The Passionate Love of a Rake

The Scandalous Love of a Duke

The Dangerous Love of a Rogue 

The Secret Love of a Gentleman  

The Reckless Love of an Heir 

The Tainted Love of a Captain 

Jane’s books can be ordered from booksellers in ebook or paperback

 

A tour of Rome

If you are a history lover, research can be very addictive, and I love it. Of course, you can follow me on Instagram or Like my Facebook Author Page to catch snippets of research but my recent journey to Rome gathered so much that I thought I’d share it here too.

 

My next historical series will follow a group of young poets who move on to begin a grand tour of the continent. I wish that I had the money and the time to dedicate to tracking the whole grand tour route which would be amazing and I am sure it would generate enough inspirations to write a hundred novels. But that not being an option, so I far I have picked one place to be a ‘tourist’ and research what the men of the 18th and 19th century would have experienced on their travels – Rome.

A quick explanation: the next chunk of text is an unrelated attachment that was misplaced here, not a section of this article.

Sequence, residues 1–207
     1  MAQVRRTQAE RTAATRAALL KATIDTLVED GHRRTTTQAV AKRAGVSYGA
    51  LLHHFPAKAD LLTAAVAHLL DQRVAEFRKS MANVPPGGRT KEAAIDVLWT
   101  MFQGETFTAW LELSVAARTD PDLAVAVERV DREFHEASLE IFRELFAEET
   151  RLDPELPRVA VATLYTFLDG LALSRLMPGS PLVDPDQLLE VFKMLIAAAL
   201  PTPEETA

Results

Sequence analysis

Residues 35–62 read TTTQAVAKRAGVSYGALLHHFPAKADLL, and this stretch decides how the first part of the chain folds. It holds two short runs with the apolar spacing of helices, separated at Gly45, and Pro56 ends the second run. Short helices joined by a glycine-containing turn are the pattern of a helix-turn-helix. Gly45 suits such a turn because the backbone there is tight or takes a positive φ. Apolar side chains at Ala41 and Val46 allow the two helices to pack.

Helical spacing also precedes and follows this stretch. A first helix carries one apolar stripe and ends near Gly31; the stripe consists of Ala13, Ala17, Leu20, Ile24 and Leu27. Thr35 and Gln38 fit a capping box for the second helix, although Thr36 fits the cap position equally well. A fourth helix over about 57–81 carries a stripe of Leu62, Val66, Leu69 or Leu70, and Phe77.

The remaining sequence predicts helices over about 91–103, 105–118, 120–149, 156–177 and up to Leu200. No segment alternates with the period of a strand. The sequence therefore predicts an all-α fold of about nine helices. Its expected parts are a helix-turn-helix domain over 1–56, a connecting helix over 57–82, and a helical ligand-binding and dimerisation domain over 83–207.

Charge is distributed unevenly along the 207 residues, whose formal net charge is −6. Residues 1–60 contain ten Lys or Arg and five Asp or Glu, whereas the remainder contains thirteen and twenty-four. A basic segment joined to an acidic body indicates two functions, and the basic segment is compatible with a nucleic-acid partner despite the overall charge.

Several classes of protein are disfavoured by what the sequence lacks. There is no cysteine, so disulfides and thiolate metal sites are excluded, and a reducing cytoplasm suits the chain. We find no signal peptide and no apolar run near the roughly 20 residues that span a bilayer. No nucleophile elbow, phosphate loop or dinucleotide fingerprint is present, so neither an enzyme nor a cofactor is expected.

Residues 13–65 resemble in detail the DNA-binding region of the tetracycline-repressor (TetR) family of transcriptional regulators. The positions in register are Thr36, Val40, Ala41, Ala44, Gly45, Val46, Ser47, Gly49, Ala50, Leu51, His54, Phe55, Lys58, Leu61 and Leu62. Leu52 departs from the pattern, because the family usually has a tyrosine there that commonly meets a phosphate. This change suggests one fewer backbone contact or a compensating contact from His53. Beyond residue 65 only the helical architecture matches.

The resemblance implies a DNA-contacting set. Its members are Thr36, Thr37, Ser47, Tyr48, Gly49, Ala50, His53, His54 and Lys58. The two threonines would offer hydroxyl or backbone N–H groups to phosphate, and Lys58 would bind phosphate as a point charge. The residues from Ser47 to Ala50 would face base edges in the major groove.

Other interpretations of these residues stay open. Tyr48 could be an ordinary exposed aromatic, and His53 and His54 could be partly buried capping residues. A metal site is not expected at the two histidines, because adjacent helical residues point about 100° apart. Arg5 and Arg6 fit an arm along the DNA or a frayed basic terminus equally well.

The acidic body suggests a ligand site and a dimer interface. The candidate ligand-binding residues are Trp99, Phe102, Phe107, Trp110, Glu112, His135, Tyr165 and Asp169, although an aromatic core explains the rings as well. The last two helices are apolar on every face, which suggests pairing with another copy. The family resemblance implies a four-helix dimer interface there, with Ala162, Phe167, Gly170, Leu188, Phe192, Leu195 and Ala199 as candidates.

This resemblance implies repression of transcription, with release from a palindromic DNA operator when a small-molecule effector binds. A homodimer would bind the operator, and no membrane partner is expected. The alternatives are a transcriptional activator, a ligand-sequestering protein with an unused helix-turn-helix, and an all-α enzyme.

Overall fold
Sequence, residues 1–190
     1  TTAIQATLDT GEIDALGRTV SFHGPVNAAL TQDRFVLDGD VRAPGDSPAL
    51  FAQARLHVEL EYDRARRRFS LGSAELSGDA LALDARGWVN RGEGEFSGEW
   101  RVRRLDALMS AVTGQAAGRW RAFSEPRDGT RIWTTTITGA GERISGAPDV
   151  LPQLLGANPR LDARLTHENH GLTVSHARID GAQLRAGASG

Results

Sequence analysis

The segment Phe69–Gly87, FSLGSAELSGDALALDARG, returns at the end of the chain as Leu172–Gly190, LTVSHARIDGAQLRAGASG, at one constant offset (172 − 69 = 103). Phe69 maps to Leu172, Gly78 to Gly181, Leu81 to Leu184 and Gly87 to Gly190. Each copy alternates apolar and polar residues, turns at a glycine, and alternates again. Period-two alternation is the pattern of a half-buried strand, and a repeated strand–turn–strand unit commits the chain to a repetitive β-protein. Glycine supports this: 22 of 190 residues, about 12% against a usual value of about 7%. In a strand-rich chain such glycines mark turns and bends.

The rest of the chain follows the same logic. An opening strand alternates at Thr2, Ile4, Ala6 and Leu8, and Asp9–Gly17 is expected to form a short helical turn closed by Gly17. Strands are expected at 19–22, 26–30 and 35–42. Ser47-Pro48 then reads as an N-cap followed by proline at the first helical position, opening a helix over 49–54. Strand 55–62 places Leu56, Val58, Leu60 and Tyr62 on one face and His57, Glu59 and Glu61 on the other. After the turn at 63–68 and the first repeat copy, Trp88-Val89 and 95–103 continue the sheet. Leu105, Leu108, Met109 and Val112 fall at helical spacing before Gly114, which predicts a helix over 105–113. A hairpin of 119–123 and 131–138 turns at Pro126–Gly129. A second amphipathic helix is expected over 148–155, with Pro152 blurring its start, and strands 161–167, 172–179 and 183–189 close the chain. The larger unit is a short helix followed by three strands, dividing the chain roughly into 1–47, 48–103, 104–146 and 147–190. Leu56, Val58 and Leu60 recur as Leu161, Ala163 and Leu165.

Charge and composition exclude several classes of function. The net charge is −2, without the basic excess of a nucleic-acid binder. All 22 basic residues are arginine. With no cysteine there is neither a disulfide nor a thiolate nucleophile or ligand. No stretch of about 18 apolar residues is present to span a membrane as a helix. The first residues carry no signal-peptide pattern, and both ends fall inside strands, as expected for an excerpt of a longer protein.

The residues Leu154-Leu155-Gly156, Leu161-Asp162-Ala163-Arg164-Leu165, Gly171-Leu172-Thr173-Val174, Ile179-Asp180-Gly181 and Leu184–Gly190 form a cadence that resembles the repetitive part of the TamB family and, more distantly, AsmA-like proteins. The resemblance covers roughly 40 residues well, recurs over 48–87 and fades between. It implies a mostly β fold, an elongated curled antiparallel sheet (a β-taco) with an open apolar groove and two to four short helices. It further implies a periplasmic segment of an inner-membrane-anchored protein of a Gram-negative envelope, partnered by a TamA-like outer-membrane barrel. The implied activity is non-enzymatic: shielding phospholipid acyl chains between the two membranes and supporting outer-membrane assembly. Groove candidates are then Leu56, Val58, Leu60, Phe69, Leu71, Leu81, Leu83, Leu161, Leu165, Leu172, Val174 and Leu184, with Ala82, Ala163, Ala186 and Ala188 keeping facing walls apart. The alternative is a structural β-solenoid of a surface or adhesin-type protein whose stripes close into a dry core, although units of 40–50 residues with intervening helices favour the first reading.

As I am fascinated by all aspects of history I listened to every bit of information about Roman history and much of it will be irrelevant as somethings were not known in the time of my fictional tourists or will be too detailed for a novel. But I think everything is fascinating enough to share on my blog and I will compare what you’ll see today in Rome with what was there in the time of the Georgian and Regency tourists.

But let me share my first impressions…

We visited the Roman Forum on the first day, without a guide, and just find our way around meant we looked at everything and read every information board so became very acclimatised to the area, but we went back three days later with a guide who added insights we hadn’t know. As I looked at it all the first time, it stood out to me how naked it all seemed. I have been to Pompeii before and walked around the Roman city at Petra both are mesmerizing when you walk on the roads and step into houses still decorated with painted plaster, or temples or early churches decorated in mosaics and shining marbles. The Roman Forum is like the carcass of an animal, it’s just the skeleton, apart from tiny remaining pieces all the skin and flesh had been stripped away.